Book Review: Divergent

Divergent, book review, Hunger Games [Photo Credit:]

February 25, 2014

Beatrice Prior lives in Chicago in the near future. The city is divided into five groups hosted in different parts of the city, each founded to dedicate themselves to the values they deem virtuous and their antitheses what the deemed to be the fall of humanity. These factions are named after their relative values, so that Abnegation promote selfless; Amity promote peace; Candor promote honesty; Dauntless promote daring; and Erudite promote knowledge.

On a Choosing Day, all sixteen-year-olds take an aptitude test that tell them for which faction they are best suited. The aptitude only allows for the designation of one alternate faction. After receiving the results of their test, with the “faction before blood” ideology, they must decide whether to remain with their family or transfer to a new faction.

The students receive mixed schooling, but once an adult, cannot interact with the other factions. Beatrice, born into an Abnegation family, struggles with the selflessness naturally manifested in the rest of her family. Drawn to her untamed Dauntless classmates as the aptitude test approaches, Beatrice begins to realize she might not be an Abnegation but is conflicted on staying with her family and being who she really is.

To her surprise and horror, Beatrice’s aptitude results are inconclusive meaning that instead of one faction, she shows equal aptitude for three: Abnegation, Erudite, and Dauntless, making her divergent.

The test proctor, a Dauntless member, explains the dire consequences if anyone were to uncover her results and helps her by adjusting her scores. The explanation is vague and isn’t resolved in the book, leading the reader to wonder “who cares?”

Upon returning home to consider her choice, her brother Caleb unexpectedly sympathizes with her-leading her to correctly think that her brother might choose a different faction which is unheard of in Abnegation. The last person who fled the faction was Tobias, the son of the Abnegation leader Marcus.

Her crippling guilt fails to control her decision as she selects Dauntless. Her brother Caleb chooses Erudite to her and her father’s horror.

Beatrice renames herself Tris after being asked for her new name when she, a Stiff, is the first to take a leap of faith into the abyss of the Dauntless compound.Though we don’t know the details of the other faction initiations, Dauntless initiation resembles a military boot camp more than a fraternity pledge week. Four explains that they must rank in the top ten at the end of initiation or be dismissed and become factionless. Tris becomes good friends with fellow transfer initiates Christina, Al, and Will while developing an expectedly unrealistic yet predictable and annoying relationship with the initiation instructor Four (he has four fears) who is later revealed to be Tobias.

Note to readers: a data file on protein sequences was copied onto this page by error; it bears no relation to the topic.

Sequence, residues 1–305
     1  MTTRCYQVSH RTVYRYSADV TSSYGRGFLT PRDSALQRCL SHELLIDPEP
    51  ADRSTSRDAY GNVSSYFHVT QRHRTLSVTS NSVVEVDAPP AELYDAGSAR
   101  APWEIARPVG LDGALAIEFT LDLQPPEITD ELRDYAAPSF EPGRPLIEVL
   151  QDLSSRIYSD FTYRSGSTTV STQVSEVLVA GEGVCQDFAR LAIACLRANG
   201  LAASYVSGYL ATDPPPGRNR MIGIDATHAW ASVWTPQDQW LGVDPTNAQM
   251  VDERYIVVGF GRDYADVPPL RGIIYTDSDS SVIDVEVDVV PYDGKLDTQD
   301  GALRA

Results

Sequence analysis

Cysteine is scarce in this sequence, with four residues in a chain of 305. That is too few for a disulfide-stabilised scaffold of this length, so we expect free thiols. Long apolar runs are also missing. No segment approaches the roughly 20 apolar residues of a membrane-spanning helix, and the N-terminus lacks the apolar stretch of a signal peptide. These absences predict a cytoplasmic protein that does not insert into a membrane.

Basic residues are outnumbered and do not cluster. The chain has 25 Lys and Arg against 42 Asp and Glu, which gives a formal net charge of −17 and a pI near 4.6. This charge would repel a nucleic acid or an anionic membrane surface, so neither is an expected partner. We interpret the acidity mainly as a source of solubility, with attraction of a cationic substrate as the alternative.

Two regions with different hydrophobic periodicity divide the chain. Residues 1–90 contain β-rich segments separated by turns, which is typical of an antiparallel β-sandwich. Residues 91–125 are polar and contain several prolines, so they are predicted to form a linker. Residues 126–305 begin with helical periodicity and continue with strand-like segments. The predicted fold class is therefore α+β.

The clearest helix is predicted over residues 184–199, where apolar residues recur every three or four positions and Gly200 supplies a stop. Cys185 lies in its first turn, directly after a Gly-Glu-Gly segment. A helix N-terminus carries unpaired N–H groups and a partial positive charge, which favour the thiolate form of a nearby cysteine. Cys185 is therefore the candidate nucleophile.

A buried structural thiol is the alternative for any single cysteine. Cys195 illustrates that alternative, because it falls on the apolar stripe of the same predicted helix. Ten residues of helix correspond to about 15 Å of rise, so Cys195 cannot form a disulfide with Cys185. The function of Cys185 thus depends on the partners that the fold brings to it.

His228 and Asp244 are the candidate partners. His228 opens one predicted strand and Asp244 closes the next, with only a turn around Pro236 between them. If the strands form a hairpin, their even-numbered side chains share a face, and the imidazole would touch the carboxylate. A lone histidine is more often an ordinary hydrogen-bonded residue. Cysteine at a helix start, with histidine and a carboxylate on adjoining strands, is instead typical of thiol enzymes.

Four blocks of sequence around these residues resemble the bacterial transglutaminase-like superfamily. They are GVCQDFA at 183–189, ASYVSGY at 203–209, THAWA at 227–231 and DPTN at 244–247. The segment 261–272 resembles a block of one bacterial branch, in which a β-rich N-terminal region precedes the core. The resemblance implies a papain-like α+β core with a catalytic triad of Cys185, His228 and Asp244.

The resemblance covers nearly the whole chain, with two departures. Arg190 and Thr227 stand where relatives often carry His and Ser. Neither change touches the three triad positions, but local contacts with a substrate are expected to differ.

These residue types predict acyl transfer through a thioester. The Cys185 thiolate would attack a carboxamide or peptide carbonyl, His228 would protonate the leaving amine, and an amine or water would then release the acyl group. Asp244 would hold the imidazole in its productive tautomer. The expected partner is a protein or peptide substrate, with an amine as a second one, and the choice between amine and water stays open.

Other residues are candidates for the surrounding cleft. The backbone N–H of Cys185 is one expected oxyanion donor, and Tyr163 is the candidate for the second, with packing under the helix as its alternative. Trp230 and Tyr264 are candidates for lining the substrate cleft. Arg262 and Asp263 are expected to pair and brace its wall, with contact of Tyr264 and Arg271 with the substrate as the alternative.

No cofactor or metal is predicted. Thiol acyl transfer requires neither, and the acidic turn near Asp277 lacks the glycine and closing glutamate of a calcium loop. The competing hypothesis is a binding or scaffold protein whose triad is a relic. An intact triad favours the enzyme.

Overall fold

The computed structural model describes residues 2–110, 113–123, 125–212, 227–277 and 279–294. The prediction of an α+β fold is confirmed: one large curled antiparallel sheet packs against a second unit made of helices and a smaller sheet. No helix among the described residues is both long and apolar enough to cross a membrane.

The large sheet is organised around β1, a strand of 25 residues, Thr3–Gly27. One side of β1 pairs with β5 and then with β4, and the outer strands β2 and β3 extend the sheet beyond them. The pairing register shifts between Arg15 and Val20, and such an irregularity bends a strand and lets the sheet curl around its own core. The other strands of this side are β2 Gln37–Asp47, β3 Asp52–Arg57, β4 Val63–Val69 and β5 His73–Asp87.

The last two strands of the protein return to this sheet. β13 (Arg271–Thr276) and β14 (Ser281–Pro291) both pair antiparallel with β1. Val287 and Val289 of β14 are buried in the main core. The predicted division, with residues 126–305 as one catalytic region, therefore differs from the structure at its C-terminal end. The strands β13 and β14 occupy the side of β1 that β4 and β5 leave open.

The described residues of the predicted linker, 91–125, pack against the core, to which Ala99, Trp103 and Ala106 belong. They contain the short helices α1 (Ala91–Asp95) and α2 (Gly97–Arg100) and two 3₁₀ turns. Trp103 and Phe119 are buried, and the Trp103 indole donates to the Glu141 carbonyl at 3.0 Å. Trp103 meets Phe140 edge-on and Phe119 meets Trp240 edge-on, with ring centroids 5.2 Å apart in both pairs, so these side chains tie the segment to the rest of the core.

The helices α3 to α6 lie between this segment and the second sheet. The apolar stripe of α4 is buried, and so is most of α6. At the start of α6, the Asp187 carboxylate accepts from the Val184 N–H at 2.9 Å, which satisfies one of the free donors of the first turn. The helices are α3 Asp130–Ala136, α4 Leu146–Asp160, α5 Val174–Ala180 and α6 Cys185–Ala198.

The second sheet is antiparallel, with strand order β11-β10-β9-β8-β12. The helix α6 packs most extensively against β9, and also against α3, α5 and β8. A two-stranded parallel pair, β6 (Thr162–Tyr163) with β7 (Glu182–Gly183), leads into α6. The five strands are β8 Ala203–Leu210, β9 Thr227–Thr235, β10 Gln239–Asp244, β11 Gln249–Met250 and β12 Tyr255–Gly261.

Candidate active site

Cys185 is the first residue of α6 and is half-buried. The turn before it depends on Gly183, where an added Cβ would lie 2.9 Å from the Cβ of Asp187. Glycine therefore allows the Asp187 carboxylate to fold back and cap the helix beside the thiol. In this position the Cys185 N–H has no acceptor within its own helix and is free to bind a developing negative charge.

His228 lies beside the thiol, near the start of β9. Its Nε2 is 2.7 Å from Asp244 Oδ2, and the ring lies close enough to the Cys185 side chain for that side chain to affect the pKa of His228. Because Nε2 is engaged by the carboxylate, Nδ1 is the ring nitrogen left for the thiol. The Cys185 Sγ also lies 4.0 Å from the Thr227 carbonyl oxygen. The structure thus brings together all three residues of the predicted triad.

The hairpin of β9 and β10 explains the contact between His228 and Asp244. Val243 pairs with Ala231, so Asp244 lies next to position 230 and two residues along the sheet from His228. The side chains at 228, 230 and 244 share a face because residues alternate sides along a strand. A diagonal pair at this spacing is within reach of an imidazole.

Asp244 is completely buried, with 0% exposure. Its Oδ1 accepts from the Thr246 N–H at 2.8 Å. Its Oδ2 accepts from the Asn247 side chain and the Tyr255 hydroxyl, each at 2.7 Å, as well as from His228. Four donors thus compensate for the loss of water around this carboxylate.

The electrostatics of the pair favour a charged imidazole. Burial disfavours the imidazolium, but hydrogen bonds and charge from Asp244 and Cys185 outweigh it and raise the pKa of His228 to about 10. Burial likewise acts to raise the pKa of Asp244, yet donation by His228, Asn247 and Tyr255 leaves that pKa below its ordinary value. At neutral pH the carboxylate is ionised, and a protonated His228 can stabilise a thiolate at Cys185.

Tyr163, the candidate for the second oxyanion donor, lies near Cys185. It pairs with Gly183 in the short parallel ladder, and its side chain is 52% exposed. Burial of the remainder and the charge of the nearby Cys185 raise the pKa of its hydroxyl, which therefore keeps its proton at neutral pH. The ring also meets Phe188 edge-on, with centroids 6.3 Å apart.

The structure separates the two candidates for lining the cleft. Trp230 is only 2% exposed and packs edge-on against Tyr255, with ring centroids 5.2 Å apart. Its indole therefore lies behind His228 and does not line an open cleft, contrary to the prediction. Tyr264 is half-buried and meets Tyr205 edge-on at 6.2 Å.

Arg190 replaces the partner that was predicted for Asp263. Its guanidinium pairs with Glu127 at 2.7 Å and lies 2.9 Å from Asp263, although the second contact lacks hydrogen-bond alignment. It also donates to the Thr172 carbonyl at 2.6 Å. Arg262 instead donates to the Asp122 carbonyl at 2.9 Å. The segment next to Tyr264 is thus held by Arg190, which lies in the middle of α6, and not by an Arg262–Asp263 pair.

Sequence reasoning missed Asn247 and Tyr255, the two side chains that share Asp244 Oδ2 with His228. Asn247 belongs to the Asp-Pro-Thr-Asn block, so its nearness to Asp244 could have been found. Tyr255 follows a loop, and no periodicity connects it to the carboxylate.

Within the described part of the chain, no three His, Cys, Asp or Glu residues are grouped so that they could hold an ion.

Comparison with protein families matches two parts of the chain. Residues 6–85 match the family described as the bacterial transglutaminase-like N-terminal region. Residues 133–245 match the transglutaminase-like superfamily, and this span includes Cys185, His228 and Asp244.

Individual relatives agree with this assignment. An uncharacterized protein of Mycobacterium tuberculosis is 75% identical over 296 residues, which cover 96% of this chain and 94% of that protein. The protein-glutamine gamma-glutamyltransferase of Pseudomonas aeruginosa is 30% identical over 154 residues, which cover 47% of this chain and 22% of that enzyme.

Also predictably, she develops a vicious rivalry with another transfer initiate, Peter, a psychopathic and ruthless bully and tortures Tris with his two lackeys, Drew and Molly.So I don’t give away too many spoilers, battles in ranking and the initiation continues until a battle at the end of the book.

If you are a fan of Dystopian novels, this book does not disappoint. However, though the book remains a must read for Dystopian lovers of all ages, it does not remotely compare with the Hunger Games. The book is too long to have as many explanations missing that appear in later books. Instead of being suspense building, it is distractingly confusing and a deterrent for people who may want to read the sequels.

Though the characters are interesting and their lessons are pertinent in today’s world, I hated every character for various reasons.

Beatrice is not even close to being as likeable as the less annoying Katniss. She is a whiny, Bella Swan-like immature and insecure female heroine. She is cruel and acts superior to her friends. I need to go back and count how many times she needs to tell herself she’s brave.

In addition, the Dauntless never really seemed braved, the Abnegation were selfless to a fault, the Amity were a bunch of hippies, and Jeanine is an evil witch (not literally, this isn’t Twilight or whatever.)

Though the action is well-written and the scenes are intricately described, their contrived and cheesy dialogue appeals to the younger audience and the romance deprived.

Take this example from the end of the book: “Maybe I’m already sure, “he says, “and I just don’t want to frighten you.” I laugh a little. “Then you should know better.” “Fine,” he says. “Then I love you.”

Its saving graces from being overall inferior to the Hunger Games lie with its original plot and the fact that it’s more realistic and more universal truths can be drawn from the text on identity, self-preservation, and resistance though those revelations mostly occur in the sequels.